Seasons Changing

Fall is coming. Many see and feel fall emerging with eagerness through the smokey haze that has persisted for months over the Montana skies. It seems like the overwhelming favorite season among Montanans. Trees are slowly changing colors; nights are getting cooler, school is back in session, hunting season is coming, football, and any last-minute projects that need doing before winter - life is busy! Yet, somewhere during the school drop-offs, longer lines at the coffee shops for the seasonal pumpkin spice fix, and the sudden abundance of sweaters on sale, life seems to slowly slide into anticipation of a coming hibernation.


However, with the slowdown of the daily grind, it is essential to remember the value of preparedness for the unexpected. Although our minds are moving toward autumn and even winter, now is not the time to forget fire safety. The smoke in the sky is a daily reminder anymore that the wildfire season is not over. Historically, late summer/early fall is the time to increase our vigilance to guard against wildfire. Some of the most famous and destructive fires in recorded history have happened during this time of the year. 


For example, on September 8th, during the legendary Yellowstone Fire of 1988, officials decided for the first time to close the entire national park to non-emergency traffic due to its size and how quickly the fire had grown in recent days. The fire grew tremendously over the following two days, jumped fire lines, and swiftly threatened the Mammoth Hot Springs area. That year, just as this one, the North Rockies were experiencing a significant drought. The drought during the summer of 1988 happened to be the worst in the park's 116-year history to date. Comparatively, today the Greater Yellowstone Ecosystem is facing a similar drought. PlantMaps, which monitors hardiness zones for gardening and climate changes, currently lists the Gallatin area as experiencing "Exceptional Drought" - the driest score a region can obtain on their scale.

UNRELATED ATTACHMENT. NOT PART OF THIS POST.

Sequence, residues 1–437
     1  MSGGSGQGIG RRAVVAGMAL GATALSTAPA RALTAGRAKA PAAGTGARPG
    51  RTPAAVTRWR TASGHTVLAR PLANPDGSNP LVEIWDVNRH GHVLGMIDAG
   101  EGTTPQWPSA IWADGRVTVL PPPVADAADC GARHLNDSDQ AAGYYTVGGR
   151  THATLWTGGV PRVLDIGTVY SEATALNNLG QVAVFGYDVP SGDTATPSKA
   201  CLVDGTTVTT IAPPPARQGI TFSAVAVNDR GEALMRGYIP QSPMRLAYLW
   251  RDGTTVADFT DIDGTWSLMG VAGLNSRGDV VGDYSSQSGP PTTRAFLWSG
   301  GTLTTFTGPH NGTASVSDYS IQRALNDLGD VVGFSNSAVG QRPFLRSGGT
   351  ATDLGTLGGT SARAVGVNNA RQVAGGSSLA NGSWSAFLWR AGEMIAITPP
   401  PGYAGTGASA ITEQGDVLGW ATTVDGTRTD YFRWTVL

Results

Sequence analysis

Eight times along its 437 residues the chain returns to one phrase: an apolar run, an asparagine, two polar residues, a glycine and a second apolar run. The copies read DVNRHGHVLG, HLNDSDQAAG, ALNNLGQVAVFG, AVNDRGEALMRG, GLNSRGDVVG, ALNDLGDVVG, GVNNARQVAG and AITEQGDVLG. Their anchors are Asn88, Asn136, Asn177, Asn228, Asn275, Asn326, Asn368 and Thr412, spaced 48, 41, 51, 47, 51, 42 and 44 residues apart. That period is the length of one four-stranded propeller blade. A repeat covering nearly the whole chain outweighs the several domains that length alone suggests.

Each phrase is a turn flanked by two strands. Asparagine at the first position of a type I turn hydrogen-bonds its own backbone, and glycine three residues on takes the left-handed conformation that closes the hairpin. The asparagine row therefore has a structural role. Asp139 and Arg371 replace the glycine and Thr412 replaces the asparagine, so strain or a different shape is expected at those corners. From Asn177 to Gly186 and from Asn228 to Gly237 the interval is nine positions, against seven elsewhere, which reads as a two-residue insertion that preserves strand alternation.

Firebreak Management wants you to enjoy the seasonal changes that we all anticipate for this time of year. Enjoy the pumpkin spice. Enjoy the renewed football rivalries. Enjoy the morning rush of getting the kids to school on time. But we would also like to remind you of the importance of not letting your guard down to the ongoing wildfire season. With forecasted temperatures in the 80s and 90s, winds, and even a thunderstorm in the upcoming few days, now is a good time to call for an evaluation of your property and see how we can help protect your home from wildfire.